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Mets lose to Braves, 6-2, but magic number reduced to 6 as Nationals fall

Logan Verrett #35 of the New York Mets

Logan Verrett #35 of the New York Mets looks on after surrendering a fifth-inning three-run home run against Hector Olivera #28 of the Atlanta Braves at Citi Field on Tuesday, Sept. 22, 2015. Credit: Jim McIsaac

As the innings passed and the Mets' bats remained quiet in a 6-2 loss to the Braves Tuesday night at Citi Field, the attention of a crowd of 26,227 inevitably drifted to the out-of-town scoreboard high atop the leftfield stands. The news there gave comfort to Mets fans because a Nationals loss to the Orioles maintained the Mets' NL East lead at 61/2 games while reducing their magic number to clinch the division to six.

Trailing 4-2 in the eighth, the Mets had one golden opportunity to piece together another late-game comeback when they loaded the bases with one out. Pinch-hitter Michael Cuddyer got one run home with a sacrifice fly, but Wilmer Flores grounded out to end the threat.

In the ninth, reliever Tyler Clippard gave up a two-run double to pinch-hitter Adonis Garcia, putting the game out of reach. At least another page came off the calendar.

Asked if the Nationals' loss salvaged a positive outcome, Terry Collins said, "No, we've got to play better. We've played great at home all year, and all of a sudden, we've hit a wall. We've got to swing the bats better. We're a better offensive team than we've [shown] this homestand."

Coming off an 8-2 road trip with sweeps in Washington and Atlanta, Collins figured the Mets were primed to keep rolling at home. But they went 1-2 against the Yanks and Miami and are 1-1 against the Braves with the rubber game Wednesday.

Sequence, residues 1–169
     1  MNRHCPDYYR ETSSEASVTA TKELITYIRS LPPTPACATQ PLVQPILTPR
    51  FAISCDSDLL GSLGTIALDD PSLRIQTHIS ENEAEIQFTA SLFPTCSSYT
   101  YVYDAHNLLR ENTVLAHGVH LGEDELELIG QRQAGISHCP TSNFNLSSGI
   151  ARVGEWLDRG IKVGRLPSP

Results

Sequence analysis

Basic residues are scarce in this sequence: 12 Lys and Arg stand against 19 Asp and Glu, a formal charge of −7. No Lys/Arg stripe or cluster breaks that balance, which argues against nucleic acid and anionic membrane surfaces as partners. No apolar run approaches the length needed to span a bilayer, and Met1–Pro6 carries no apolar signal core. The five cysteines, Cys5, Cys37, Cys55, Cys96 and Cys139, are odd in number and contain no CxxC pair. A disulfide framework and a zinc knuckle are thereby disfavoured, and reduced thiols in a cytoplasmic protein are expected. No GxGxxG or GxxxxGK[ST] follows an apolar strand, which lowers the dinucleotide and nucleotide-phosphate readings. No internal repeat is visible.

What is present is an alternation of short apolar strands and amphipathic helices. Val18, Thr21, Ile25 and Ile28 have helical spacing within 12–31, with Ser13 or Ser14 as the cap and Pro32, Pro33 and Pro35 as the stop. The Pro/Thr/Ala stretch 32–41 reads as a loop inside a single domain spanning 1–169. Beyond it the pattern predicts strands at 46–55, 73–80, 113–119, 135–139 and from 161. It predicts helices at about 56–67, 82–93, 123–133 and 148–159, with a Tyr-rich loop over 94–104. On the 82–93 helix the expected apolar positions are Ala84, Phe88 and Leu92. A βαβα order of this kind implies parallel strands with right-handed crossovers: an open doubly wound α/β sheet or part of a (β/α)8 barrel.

"I'm shocked," Collins said about the Mets' slide in run production at home. "We were swinging great. Coming home with the lead we had, nobody needs to be uptight. For me, it looks like we're tight."

Logan Verrett started the game for the Mets in place of Jacob deGrom, who skipped a turn in the rotation for much-needed rest. Verrett's first two starts were in place of Matt Harvey, and he went 1-0 with a sterling 1.38 ERA in those games.

David Wright staked Verrett to a 1-0 lead with a laser shot over the fence in center in the first inning. But Braves second baseman Jace Peterson led off the fifth with a home run to right to tie the game at 1.

Michael Bourn then reached base on a one-out infield single and was sacrificed to second by pitcher Matt Wisler (6-8). Collins chose to walk Nick Markakis intentionally to set up the force play, but the strategy backfired when Hector Olivera delivered a three-run homer for a 4-1 lead.

That was the end for Verrett, who was lifted for a pinch-hitter in the fifth. "Really, the one pitch in the fifth to Olivera sours this outing," Verrett said.

Before the bases-loaded situation in the eighth, the Mets had a couple other opportunities, but after doubles in the first and sixth by Daniel Murphy, Yoenis Cespedes struck out and flied out, and Lucas Duda hit an infield popup and flied out.

Wright took issue with his manager about the level of tension with which the Mets have been gripping their bats on this homestand. "No, I don't think we're tight," Wright said. "There's going to be games when you get outplayed. We need to do a better job of winning series at home. It seems like the last couple series have gotten away from us.

"It's not making excuses. The Yankees played well against us, and Miami had won five straight series coming in here. I don't sense anybody is tight in here. It's playoff baseball. There's going to be a little pressure. We're trying to make a push. But I don't sense it carrying over to the field."

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